Adding information with transformations in Elasticsearch

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If we want to get more out of our data and get additional information from it we will most likely want to run some kind of aggregation. When using Logstash and Elasticsearch there are mainly two strategies for aggregating data:


  1. Aggregate the data with Logstash before ingesting it into Elasticsearch: For this there are mainly two plugins:
  • The Aggregate filter: It allows us to aggregate information from multiple sources based on one or more fields that we use as identifiers to group all associated events and run ruby code, which gives us a lot of freedom and power.
  • The Metrics filter: It allows us to run some very basic aggregations such as an event count, average, etc. It is easy to use and simple, although if we have several logstash instances it will generate insufficiently aggregated data.
  1. Use aggregations from Elasticsearch: In this case the data has already been ingested, and we run the aggregations after the fact. Elasticsearch has a large number of aggregations.


Each strategy has its own advantages and disadvantages. In general, aggregating from Logstash may seem like a good idea because we can insert the data directly into Elasticsearch already aggregated, avoiding Elastic to spend resources on it, but it is quite problematic if we have a lot of data, because the Aggregate filter requires us to use a single worker (if we use several workers, an event could enter through a worker and another event that should go to the same aggregate could enter through another worker, and as these are independent, they would not be seen, generating two different aggregates), which is a big bottleneck. On the other hand, aggregation in elasticsearch offers many possibilities, but sometimes it is not feasible to run an aggregation every time we want to get some aggregate data, because some aggregations are very expensive and can generate a high load on the Elasticsearch nodes.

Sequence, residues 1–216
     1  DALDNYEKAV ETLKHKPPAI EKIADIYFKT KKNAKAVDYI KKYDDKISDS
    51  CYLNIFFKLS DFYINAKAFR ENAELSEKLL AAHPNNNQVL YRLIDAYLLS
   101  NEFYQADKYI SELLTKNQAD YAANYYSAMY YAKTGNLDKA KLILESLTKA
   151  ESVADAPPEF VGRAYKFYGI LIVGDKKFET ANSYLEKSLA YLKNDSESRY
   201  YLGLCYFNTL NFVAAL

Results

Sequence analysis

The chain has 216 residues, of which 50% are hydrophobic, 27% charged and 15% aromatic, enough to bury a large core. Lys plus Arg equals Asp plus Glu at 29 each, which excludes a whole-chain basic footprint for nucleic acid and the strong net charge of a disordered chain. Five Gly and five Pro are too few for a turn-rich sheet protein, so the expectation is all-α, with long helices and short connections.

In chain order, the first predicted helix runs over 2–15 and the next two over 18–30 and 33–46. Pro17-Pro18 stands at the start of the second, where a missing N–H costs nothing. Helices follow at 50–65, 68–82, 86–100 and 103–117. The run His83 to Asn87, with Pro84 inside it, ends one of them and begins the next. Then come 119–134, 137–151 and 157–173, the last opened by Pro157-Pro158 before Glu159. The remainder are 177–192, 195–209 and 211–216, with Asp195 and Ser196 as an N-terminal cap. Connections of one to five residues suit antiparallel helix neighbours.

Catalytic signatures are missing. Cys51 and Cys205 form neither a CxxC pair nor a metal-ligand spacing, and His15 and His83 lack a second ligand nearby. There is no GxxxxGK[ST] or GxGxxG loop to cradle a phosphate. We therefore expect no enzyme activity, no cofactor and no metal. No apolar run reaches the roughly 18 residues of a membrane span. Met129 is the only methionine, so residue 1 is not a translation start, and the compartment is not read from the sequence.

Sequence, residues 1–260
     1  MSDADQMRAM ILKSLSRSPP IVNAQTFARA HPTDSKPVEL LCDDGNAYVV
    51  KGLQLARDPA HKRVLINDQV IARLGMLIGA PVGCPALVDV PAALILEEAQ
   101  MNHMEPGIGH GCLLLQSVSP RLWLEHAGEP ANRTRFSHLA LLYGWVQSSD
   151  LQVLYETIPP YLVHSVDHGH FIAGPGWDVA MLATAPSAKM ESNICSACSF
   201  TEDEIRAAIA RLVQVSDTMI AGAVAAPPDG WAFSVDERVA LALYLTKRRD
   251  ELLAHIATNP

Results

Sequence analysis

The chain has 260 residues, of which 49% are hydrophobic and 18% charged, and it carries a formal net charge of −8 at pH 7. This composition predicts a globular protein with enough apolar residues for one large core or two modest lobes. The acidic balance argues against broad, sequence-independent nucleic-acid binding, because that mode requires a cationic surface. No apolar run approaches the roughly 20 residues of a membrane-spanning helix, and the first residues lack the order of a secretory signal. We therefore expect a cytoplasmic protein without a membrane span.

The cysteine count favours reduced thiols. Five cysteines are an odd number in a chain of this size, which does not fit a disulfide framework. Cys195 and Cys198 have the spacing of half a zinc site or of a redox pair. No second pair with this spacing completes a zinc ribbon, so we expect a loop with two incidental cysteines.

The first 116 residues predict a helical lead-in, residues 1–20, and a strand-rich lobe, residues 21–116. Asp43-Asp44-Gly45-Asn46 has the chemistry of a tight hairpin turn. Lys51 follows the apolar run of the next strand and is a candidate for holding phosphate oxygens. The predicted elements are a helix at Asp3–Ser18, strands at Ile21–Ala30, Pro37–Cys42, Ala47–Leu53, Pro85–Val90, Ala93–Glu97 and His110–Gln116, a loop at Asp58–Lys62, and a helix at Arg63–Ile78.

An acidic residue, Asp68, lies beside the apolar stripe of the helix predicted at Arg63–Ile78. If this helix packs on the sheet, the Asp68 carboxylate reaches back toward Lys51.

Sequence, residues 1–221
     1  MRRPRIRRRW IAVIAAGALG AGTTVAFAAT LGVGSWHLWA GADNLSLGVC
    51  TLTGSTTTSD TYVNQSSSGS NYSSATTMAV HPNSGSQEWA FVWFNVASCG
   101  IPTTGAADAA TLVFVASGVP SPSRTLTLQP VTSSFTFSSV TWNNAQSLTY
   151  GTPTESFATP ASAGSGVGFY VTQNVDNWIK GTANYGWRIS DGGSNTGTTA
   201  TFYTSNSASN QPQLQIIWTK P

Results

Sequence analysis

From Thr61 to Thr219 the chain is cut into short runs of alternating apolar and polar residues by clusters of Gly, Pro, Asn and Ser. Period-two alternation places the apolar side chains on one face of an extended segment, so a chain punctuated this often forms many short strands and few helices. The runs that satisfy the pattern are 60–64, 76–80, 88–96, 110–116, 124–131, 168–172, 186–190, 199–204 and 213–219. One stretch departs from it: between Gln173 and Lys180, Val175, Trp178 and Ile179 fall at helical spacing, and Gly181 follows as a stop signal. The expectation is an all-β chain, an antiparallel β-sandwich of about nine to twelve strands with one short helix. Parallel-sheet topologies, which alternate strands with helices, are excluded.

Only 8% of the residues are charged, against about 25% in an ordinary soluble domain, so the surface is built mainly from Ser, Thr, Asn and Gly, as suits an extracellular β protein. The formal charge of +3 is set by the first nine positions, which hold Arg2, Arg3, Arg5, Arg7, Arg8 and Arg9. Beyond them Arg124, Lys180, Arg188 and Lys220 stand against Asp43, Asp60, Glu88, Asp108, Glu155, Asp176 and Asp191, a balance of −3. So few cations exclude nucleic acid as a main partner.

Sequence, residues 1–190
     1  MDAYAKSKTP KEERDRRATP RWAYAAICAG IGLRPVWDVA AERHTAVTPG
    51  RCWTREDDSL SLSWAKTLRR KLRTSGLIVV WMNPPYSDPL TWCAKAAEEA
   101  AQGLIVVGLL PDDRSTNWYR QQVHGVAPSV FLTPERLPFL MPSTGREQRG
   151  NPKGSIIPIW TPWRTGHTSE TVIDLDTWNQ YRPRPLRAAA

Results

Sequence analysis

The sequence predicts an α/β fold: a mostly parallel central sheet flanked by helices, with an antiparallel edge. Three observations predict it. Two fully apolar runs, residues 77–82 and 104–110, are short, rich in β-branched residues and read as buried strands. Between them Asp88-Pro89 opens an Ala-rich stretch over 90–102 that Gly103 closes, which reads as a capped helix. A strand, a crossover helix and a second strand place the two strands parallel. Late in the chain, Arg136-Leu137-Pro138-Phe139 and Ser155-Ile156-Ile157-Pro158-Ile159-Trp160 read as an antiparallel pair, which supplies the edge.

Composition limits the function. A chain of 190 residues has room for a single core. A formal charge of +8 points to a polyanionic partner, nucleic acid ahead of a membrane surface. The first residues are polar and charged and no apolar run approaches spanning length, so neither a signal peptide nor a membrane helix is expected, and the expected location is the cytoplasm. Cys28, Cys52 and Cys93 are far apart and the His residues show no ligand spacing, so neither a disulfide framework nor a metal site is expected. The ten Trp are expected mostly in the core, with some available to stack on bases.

In addition, the way in which data is sourced can introduce different levels of complexity. For example, let’s imagine we have an online shop and we want to use aggregations to obtain data such as the total amount of products we have sold, the money obtained for each product, and so on. Having a single server where every time a sale occurs, a simple log is generated with all the information would be convenient. But… What if for each sale of a product we need the interaction of several microservices, which also generate logs in different formats? What if the information of a sale of a product is dispersed in several events (for example, in one event the user information is shown, in another event the selected products and in another event the payment information)? Aggregations get complicated. In general, the more complicated the aggregations are, the more problems they can generate in elasticsearch and the more we will want to move them to Logstash. But we have already seen that Logstash also has some limitations in terms of scalability.


Transformations to the rescue

Since Elasticsearch 7.3 we have a tool that can help us to solve our problems with data aggregation. Transformations.


Transformations are a process that is in charge of:

  1. Group a set of events in elasticsearch (they can come from different indexes).
  2. Execute an aggregation on these events.
  3. Write the results to a new index.


This process can be executed once (batch transform) or continuously (continuous transform). It is most common to run the transformations in continuous mode.


There are two types of transformations: pivot and latest (as of Elasticsearch 7.12). We could say that the latest type is just a simplification of the pivot type to show the latest document for each element or set of elements. So let’s focus on the pivot type, which is what we will normally use for our aggregations.

Pivot transformations will allow us to generate entity-centric indexes. That is, before we had different events for each entity (an entity can be any field or set of fields that identify an element, such as a user, a session, a transaction, etc.). With the transformations we generate a new index in which all the information of an entity is summarised in a single event, which can be updated as new events appear for that entity.